Do banks need to digitalise less and get back to providing personal contact?

"I would rather say that they must digitalise to make banking personal again. The number of branch visits will fall sharply, but how can you deal with people with a highly developed digital channel? There is still a lot of room for improvement. Do I really need to take half a day off to sit opposite someone at a table? Perhaps a notification at the right time on my smartphone is much more relevant?

 

Is it possible to sketch out a picture of a bank in 2030? Will it still exist?

 

"Of course we don't have a crystal ball, but the banks that we have today are concentrating on 2020, because of GDPR and PSDII. It is worrying how little they are concerned about 2030. All their efforts today seem to be going into IT, but strategy and innovation culture are lagging behind. They are building risk models for portfolios, but not actually for their own business. What will be the requirements of tomorrow, and what kind of services can they build around them? These are the questions we aim to answer at TomorrowLab. Banks will have to reflect about what they want to concentrate on. I can see three main lines of action:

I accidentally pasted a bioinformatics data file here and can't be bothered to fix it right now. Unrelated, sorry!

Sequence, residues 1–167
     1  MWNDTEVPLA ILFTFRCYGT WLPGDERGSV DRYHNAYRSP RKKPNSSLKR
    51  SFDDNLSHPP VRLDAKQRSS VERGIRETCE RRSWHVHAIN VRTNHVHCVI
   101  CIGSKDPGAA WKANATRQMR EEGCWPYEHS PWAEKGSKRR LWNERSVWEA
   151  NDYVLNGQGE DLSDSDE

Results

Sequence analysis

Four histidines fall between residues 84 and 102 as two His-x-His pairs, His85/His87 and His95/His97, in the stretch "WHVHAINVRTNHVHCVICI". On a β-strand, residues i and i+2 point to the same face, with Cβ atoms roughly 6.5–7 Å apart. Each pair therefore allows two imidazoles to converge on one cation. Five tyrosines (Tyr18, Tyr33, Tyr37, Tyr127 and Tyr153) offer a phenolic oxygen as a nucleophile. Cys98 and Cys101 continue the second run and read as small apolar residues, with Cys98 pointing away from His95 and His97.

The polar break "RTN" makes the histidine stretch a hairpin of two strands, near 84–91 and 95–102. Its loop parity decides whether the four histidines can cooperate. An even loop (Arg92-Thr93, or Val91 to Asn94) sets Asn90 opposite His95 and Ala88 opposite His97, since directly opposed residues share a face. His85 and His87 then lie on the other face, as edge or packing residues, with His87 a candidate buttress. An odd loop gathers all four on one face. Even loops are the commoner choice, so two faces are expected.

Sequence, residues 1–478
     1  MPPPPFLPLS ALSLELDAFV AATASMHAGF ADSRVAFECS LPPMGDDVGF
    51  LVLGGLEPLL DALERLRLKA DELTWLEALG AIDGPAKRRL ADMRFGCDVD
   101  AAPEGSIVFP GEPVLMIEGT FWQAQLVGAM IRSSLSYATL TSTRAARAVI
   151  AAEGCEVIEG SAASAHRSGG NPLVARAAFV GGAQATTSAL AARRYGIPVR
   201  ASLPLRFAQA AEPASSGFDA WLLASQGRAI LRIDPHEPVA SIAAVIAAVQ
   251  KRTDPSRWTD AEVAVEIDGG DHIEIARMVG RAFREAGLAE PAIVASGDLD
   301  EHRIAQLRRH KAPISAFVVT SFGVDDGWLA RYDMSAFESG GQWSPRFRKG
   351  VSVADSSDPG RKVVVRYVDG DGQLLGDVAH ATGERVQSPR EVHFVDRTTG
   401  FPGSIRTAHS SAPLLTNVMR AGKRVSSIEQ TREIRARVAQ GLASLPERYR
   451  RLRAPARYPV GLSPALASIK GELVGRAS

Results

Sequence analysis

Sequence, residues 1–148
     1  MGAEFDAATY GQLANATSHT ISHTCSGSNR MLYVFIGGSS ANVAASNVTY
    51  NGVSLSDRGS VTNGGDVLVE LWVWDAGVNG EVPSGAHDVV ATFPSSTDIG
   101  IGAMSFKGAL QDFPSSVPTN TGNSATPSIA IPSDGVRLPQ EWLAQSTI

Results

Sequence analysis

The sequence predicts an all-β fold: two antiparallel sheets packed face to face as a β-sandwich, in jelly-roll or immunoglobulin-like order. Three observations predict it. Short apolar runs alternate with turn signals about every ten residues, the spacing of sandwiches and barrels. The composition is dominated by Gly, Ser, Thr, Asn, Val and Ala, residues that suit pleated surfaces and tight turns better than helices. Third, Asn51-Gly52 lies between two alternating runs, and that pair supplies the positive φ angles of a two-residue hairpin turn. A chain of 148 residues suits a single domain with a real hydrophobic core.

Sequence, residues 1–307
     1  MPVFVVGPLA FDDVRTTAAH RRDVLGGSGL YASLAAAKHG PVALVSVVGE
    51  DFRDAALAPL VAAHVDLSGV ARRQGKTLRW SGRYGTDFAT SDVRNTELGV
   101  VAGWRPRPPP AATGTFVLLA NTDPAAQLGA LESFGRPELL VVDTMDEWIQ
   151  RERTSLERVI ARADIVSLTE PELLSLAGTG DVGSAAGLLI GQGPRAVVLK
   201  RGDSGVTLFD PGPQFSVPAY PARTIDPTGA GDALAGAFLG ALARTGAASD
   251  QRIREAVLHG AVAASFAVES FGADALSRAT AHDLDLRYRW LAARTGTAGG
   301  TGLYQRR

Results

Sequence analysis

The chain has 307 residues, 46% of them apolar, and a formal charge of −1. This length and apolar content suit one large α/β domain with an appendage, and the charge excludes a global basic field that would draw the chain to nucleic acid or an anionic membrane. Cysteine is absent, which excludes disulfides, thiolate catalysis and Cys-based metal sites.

1. APIs: I have to make sure that my API is the best on the market so that everyone wants to work with me.
  2. Open versus closed: will we keep that API and/or services closed or open them up to everyone?
  3. Final consumer: do I want the link with the final consumer or will I leave that to others, but I will provide the technology and concentrate on the other two fields?" "Those are the options on the table and in each of those options, strong players will emerge. Financial players will be known mainly for being close to the consumer. Of course, it could also be an 'empty box', a sort of line extension of a strong existing brand. Services that are really close to the consumer, the successors of Facebook, will make use of their brand awareness to offer financial services. The bank of the future will consist of various small banks that cooperate with large networks to bring them to the consumer."